Speaking of that context…I realized the other day that there was an important node of context that I had overlooked but which needs to be folded into the analysis. I’m a little worried that it might derail the discussion that has come so far, but I’m sure with a bit of determination I can make sure that the pieces all start to fit together in a way that makes sense and that lead naturally to the discussion I have on the films. That’s always been a weak spot, but at least I’ve gotten to the point where I can see it and (hopefully) effectively address it.

I really think I’m onto something with this discussion of spectacle and narrative and the relationship between them. I’ve always been a little frustrated by the way that people talk about spectacle, almost as if its’ one of those things that is just there and doesn’t need explanation, still less any kind of sustained analysis as a container of meaning. There has been some really interesting work done on this lately, though, so I’m very much looking forward to nuancing and developing that work to produce something compelling about the films I’m looking at.

So, tomorrow I’m going to keep on as I have been with Chapter 4. There’s still some way to go, but it’s definitely getting there. I feel more confident about this draft than I have any of the previous ones, so that’s definitely something. What’s more, I’ve been able to keep on track with this one in a way that I haven’t with any of the previous ones.

As I always say, any progress is good progress. I can do this. I just have to keep reminding myself of that central fact.


Dissertation Days (48): I’m Tired of Thinking About Cute Titles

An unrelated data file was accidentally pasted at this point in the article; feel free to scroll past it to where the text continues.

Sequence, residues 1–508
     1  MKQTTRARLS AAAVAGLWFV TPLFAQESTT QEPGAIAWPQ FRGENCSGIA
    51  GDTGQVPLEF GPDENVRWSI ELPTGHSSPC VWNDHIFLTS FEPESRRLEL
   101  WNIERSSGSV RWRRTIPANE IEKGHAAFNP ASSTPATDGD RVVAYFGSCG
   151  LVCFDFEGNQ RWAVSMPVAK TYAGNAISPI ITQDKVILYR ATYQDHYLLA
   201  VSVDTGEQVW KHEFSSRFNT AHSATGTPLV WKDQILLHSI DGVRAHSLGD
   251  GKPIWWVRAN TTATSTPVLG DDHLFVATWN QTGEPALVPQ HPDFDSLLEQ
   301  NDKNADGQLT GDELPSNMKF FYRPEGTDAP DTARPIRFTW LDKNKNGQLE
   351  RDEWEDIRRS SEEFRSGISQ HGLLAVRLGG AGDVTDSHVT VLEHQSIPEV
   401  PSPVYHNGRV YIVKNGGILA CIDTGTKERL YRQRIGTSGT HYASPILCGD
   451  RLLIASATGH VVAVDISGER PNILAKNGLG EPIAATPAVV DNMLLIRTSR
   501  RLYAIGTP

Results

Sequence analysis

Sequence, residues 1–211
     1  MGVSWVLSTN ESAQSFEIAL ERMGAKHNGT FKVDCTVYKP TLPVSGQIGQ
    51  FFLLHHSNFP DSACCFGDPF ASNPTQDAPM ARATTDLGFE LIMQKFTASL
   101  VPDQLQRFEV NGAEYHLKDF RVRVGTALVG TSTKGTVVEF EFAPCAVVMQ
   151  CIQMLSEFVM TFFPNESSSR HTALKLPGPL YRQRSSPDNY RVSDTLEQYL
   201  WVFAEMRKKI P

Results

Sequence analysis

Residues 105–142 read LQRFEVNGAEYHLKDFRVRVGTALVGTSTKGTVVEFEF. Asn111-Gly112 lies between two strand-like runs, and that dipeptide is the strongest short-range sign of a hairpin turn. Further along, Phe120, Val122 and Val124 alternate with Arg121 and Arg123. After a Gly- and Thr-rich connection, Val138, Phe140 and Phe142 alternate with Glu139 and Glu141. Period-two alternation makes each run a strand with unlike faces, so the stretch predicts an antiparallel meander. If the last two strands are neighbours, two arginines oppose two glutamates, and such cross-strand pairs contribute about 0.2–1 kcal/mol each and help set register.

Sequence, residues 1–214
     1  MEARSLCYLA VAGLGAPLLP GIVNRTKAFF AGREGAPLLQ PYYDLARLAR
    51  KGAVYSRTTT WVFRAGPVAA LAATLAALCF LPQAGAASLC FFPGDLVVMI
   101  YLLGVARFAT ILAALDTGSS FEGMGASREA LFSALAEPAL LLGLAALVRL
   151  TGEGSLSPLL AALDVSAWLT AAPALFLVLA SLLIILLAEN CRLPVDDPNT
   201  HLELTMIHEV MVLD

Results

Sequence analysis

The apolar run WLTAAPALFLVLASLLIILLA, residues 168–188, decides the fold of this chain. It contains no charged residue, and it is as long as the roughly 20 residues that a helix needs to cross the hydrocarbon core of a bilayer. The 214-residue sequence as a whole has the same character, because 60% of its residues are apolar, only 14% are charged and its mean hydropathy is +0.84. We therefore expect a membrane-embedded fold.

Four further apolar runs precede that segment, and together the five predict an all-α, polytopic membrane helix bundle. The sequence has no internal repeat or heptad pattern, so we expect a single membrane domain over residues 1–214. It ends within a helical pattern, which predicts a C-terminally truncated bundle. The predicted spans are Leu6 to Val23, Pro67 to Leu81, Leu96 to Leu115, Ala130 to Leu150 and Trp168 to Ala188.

Today was an extraordinarily productive day. I was able to churn out 1,500 words of Chapter 4 (most of which was quite good, I think). I focused mainly on the historical context, though I wrote some introductory material for what will eventually be the theoretical section.

Overall, I think that the historical context is a strong section, perhaps the strongest and most cohesive that I’ve written since Chapter 2. I’m looking at the ways in which the postwar political order that was so desperate to attain a measure of stability was always thwarted by the tensions of the postwar period, whether it was the escalating conflict between the US and the Soviet Union or the growing independence movements with all of the violence that entailed.

As I move forward, I just have to make sure that I continue drawing explicit connections between the context I’m laying out and the readings of the films. This has been my Achilles’ Heel since I began this dissertation, but I would like to think that I have avoided it (or at least addressed it) with this chapter. That, however, very much remains to be seen.

I also continued my effort to make some commentary on Chapter 1. I’d prefer not to wait until the last minute to do that, even though I have to admit that it is my least favourite part of the whole dissertation-writing process. It’s quite remarkable, though, to see how very different this chapter is from the ones that followed it. I do think that I am onto something, but the writing is a bit clunky at spots, and I can see there are points where what I really mean isn’t expressed as clearly as it should be. Of course, I just have to remind myself that that is what revision is for, to gradually distill one’s ideas down until they emerge in their clearest and most coherent form.

Tomorrow, I’m going to continue making progress on Chapter 4, and I hope to make my way through 10 pages of Chapter 1 (and make the appropriate commentary). At the pace I’m currently keeping, I should have a draft of Chapter 4 ready by the middle of September (which is my very ambitious goal). I just have to stay focused.

I can feel the finish line growing closer and closer. I just have to remember that I can do this.

I got this.

Let’s go.